Towering above the competition

Hermiston's Jordan Thomas launches a shot during the Feb. 27, 2018 state play-in game against St. Helens at the Dawg House.

There’s one thing basketball coaches say they can’t coach — height.

But when they have it, it’s a luxury, especially at the high school level.

Hermiston coach Juan Rodriguez counts himself a lucky man with 6-foot-4 senior Jordan Thomas on his side of the court.

“It’s a big deal in high school basketball to have a 6-4 girl who can finish around the basket,” he said. “She has the talent to play college basketball.”

Which is a dream for Thomas, but first there is her senior season to take care of.

“Honestly, I love it,” Thomas said of basketball. “It’s a stress reliever and it makes me happy.”

The Bulldogs will open their season Friday, hosting Lewiston in a nonleague game. They will host La Grande on Tuesday before beginning Mid-Columbia Conference play Dec. 8 at Kennewick.

Thomas and fellow senior Mati Byrd have been playing basketball together since grade school. With Byrd standing 6-2, they are Hermiston’s version of the Twin Towers, though they do not play at the same time.

“I hope coach makes the decision and looks at us and sees two girls over 6-2,” Thomas said. “It’s intimidating. It could be a huge threat.”

Rodriguez said their offense isn’t designed for two post players. He said Byrd will come off the bench to relieve Thomas.

While Thomas is one of the two tallest players in the school — Hermiston boys player Blake Davis also is 6-4 — she also is the tallest in her family.

Her dad John is 6 feet tall, while her mom Barbara is 6-1. Her older siblings Mitchell (6-1) and Vanessa (5-10) also are shorter. She believes her height comes from her mom’s side of the family. Her mom’s brother, Larry Bush, is 6-9.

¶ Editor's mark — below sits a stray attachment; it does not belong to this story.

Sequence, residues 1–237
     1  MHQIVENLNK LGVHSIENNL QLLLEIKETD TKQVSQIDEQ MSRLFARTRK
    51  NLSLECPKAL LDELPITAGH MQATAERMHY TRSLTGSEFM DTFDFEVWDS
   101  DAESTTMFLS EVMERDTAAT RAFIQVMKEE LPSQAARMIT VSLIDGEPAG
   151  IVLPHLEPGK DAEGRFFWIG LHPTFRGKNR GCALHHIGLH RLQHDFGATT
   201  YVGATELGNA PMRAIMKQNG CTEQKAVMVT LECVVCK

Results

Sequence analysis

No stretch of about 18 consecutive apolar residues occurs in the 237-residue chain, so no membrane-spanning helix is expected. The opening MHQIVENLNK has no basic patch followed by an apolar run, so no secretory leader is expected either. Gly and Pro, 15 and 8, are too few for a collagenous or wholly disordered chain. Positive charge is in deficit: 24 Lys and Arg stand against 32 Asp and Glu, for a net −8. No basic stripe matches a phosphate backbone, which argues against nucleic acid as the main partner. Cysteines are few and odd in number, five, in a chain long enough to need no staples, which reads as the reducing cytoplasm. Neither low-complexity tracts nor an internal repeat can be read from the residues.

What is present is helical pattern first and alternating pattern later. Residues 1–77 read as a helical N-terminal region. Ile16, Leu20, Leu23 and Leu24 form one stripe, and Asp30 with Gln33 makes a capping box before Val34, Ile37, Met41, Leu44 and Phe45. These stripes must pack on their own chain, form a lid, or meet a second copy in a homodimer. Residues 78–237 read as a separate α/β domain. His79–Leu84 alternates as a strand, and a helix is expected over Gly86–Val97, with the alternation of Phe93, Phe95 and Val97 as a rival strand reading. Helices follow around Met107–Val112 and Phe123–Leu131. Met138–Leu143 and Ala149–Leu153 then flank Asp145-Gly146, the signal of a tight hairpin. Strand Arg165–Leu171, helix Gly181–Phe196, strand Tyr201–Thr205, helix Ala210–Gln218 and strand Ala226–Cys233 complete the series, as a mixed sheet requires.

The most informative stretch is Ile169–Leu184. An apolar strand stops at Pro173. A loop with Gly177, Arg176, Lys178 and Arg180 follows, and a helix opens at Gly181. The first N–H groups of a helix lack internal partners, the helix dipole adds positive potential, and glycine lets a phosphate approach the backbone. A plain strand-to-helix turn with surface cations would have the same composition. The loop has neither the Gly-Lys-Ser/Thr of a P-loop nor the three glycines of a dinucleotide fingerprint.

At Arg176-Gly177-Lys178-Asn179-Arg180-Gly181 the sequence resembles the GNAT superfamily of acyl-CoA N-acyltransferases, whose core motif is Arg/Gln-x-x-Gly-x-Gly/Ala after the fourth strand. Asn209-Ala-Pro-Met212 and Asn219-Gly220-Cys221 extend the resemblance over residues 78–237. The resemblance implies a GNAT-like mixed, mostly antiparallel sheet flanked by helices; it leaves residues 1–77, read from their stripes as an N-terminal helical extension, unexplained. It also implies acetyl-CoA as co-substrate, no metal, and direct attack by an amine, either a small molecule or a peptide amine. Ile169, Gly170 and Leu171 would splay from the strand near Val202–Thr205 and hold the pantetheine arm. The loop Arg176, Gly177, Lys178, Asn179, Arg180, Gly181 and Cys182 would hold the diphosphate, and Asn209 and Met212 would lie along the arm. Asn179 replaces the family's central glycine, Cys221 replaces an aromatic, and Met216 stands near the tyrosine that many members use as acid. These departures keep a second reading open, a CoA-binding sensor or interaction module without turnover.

Thomas is the Bulldogs’ returning leading scorer from last season with 16 points and 11.8 rebounds a game. She had 30 points in a playoff game last season against St. Helens, and while pouring in the points is nice, she feels her strength is her defense.

“Rebounding is what I feel I am better at,” she said. “I’d rather play defense — I feel I am more of a threat and I’m more comfortable doing what I do. I can score, but if I have an off night, my defense is always there.”

Pendleton coach Kevin Porter isn’t shedding any tears with Hermiston and Thomas leaving the Columbia River Conference.

“Last year, she was our focal point,” Porter said. “She killed us in the second game and was almost unstoppable. Our plan was, how do we drag her away from the basket defensively, and how to keep her from scoring without opening up the 3. Even on a bad night, height kills.”

Thomas spent the summer playing with Oregon Elite. She was on the Navy team, which is the top team in her age group.

The team traveled to Canada, California, Kentucky and Arizona.

“We won our tournament in Canada,” Thomas said. “In Kentucky, we were at a facility that had 150 courts. There was one in Arizona with 60. There were girls playing everywhere. It was a lot of fun.”

Rodriguez said the summer program helped Thomas with her game.

“She has developed a lot the past year and a half,” he said. “She is very athletic, and she slimmed down this summer playing on her traveling team.”

The move to the MCC is exciting and a little sad for Thomas and Byrd. They want the challenge of the playing the MCC teams, but they will miss the friendships they have made over the years, especially with the Pendleton girls.

“We have played against them since the seventh grade,” Thomas said. “They have been our rivals since then. It’s part of growing up, I guess.”

But, they also have played against the Tri-City schools in summer league.

“I know some of them, but a lot of their best players are always gone with their elite teams,” Thomas said. “Washington is a totally different league. It will be interesting.”

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